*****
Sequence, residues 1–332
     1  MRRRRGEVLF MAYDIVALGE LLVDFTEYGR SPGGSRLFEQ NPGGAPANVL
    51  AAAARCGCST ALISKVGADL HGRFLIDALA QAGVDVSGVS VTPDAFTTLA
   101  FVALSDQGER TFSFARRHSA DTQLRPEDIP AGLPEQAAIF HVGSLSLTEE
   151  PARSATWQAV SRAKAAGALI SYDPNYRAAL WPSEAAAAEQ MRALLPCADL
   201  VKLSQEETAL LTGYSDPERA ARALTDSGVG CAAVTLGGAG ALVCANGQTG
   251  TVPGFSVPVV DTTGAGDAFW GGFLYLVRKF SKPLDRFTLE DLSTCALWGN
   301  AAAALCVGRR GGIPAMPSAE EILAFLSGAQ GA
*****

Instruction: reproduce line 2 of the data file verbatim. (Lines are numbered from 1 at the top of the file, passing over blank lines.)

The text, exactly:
     1  MRRRRGEVLF MAYDIVALGE LLVDFTEYGR SPGGSRLFEQ NPGGAPANVL